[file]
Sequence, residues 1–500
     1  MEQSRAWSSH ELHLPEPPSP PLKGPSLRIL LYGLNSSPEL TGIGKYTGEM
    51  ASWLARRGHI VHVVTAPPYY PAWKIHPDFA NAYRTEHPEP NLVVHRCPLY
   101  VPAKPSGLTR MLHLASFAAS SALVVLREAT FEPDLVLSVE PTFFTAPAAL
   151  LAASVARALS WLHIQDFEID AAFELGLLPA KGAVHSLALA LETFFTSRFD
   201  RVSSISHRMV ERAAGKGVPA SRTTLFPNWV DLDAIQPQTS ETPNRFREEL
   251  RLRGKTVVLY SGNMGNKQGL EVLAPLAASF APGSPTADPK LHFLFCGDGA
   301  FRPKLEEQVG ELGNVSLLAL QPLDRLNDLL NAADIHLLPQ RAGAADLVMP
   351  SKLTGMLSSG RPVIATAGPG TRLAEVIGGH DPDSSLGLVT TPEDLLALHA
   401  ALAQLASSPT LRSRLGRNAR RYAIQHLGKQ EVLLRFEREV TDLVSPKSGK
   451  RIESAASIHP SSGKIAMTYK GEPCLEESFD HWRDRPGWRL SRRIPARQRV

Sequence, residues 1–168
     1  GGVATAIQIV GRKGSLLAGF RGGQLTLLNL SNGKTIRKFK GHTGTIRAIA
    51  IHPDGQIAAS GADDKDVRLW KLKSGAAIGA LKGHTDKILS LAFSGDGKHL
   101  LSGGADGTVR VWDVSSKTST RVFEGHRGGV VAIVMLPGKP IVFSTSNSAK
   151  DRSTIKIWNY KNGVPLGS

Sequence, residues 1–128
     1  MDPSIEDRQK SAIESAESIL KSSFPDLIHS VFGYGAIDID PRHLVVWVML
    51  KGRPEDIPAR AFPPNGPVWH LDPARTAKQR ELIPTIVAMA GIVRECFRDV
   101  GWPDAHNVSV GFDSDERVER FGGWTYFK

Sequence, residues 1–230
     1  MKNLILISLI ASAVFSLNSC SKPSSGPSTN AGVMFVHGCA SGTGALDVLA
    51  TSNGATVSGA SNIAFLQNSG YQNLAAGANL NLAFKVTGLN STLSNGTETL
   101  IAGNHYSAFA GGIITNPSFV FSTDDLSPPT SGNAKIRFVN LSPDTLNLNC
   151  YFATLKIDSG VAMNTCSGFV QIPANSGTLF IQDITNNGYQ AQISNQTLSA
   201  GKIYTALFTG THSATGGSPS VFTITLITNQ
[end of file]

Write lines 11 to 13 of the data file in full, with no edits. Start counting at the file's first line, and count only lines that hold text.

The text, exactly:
   451  RIESAASIHP SSGKIAMTYK GEPCLEESFD HWRDRPGWRL SRRIPARQRV

Sequence, residues 1–168
     1  GGVATAIQIV GRKGSLLAGF RGGQLTLLNL SNGKTIRKFK GHTGTIRAIA